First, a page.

Education has always had the ground of importance as it tends to provide individuals with the required knowledge to handle things that come with life. Due to that, exploring the sector in different parts of the world will definitely give you an idea of how that nation treats the system of education. For that purpose, we are going to be looking into the educational sector of Nova Scotia.
The educational system of Nova Scotia was one that went through specific changes and adjustments. Since these changes turned out to be essential, they are highly regarded as aspects that changed things for the better. These changes came during 2018 and brought about a difference for the better. Through the report by Dr. Avis Glaze, things become vital, and the implications included a poll that surveyed the quality of education, with 46% classifying it as “excellent/fair.”
With those figures, it was understood that the quality of education was excellent and it can lead to a bright future. However, that does not eliminate problems that eventually come with time. Regardless of how good or excellent the system is, specific problems are bound to appear, and one should always take note of the same.
The different kinds of problems or issues that affected the system were labour issues, student assessment data, and other kinds of aspects. While they can be settled through a number of means, there were two developments that were kept pending. While the first development was about rights realized, the second was a call for a right that ought-to-be. With these elements missing from the main aspects of changes, things did not reach the complete cycle that one would have wanted them to.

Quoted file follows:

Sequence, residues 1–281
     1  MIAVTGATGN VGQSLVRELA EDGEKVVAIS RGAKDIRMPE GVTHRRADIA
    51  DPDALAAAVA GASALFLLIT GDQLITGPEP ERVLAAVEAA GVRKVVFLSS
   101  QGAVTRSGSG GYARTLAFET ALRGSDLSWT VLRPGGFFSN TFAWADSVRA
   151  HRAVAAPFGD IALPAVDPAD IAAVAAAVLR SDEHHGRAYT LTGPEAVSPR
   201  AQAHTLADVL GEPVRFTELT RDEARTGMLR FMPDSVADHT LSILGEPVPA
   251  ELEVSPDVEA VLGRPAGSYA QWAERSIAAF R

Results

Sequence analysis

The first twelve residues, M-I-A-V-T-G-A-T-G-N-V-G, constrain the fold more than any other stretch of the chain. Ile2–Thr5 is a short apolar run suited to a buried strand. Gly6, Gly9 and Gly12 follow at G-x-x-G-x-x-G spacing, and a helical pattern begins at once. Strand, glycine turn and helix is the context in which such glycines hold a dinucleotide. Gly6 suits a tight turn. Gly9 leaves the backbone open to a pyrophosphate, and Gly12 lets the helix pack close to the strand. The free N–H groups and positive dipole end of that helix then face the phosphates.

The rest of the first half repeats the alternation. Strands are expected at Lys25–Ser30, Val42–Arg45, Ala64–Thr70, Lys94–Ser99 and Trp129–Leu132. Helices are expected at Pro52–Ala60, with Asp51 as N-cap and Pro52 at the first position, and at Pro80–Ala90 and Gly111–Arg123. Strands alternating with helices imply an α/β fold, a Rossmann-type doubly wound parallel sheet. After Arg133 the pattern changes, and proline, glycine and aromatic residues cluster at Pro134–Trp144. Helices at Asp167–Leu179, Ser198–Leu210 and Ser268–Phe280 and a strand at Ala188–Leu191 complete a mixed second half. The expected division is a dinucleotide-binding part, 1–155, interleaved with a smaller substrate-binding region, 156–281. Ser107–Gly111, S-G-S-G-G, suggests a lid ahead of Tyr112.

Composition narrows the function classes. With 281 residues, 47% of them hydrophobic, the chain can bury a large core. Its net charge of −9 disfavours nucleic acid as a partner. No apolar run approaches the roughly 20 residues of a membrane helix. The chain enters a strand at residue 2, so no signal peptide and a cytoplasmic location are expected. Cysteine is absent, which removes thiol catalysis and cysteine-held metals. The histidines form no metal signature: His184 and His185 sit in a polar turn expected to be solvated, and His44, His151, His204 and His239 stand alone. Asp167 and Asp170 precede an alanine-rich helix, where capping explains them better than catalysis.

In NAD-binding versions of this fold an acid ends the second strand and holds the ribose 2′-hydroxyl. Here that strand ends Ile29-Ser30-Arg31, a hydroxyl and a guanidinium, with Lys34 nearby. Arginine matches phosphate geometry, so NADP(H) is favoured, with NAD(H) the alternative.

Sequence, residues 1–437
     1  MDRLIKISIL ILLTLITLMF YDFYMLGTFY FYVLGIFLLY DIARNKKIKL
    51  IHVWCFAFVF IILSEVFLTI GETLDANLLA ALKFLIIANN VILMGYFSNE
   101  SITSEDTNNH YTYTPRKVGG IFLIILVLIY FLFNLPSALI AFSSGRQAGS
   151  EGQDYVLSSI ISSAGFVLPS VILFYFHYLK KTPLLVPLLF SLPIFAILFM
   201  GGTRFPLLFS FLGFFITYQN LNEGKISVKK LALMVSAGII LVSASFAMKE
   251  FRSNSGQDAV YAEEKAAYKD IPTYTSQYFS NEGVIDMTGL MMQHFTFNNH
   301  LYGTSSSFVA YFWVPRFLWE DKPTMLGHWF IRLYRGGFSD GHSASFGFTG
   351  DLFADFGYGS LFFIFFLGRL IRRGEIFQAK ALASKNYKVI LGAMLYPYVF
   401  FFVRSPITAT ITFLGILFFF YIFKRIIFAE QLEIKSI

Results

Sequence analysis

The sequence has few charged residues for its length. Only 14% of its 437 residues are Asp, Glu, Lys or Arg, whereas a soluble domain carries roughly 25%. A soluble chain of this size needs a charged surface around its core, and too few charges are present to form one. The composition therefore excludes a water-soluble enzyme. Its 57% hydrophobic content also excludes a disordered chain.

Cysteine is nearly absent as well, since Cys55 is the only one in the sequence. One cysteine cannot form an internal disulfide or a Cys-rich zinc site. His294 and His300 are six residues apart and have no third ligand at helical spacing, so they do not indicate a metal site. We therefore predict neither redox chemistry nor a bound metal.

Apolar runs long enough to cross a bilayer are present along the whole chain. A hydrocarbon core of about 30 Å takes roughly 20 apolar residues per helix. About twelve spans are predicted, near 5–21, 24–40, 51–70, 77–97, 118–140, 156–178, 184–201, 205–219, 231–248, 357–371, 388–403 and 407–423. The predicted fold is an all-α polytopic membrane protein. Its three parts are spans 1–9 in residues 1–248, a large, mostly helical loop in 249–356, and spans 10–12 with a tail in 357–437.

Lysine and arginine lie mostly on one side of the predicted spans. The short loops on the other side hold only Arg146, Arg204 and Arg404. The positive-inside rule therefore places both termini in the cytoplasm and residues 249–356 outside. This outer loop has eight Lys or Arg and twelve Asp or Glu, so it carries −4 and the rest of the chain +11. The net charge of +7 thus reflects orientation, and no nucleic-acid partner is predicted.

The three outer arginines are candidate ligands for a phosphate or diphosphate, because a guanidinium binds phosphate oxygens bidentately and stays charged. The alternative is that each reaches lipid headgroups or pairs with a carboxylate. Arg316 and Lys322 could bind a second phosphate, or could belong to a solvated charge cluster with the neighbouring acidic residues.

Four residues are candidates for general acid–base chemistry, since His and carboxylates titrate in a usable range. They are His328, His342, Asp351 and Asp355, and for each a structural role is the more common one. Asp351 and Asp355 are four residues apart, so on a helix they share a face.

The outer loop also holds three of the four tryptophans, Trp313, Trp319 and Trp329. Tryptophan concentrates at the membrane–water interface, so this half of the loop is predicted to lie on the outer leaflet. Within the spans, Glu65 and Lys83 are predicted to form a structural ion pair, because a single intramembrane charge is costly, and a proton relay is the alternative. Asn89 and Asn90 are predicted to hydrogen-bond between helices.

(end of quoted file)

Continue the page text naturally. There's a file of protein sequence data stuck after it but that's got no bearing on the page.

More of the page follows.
The Current State of Affairs
With a pandemic causing havoc, educational institutions around the world had to adopt different methods to get things done. Nova Scotia’s public education system also had to go through the same procedure and bring out a difference that made sense. But the real deal of the matter began when students and teachers returned to their old classrooms. The government decided to dissolve elected school boards in the spring, thereby raising concerns from parents.
However, education Minister Zach Churchill assured that the department would listen to the community. According to the new system, the administrative staff from each province’s seven regional school boards are very much a part of the picture, and their offices are re-dubbed as regional centres for education. With these changes coming in at full swing, parents seem to be worried about the way ahead. Since we need to wait, watch and learn the new system, the credibility of the same can be understood through time.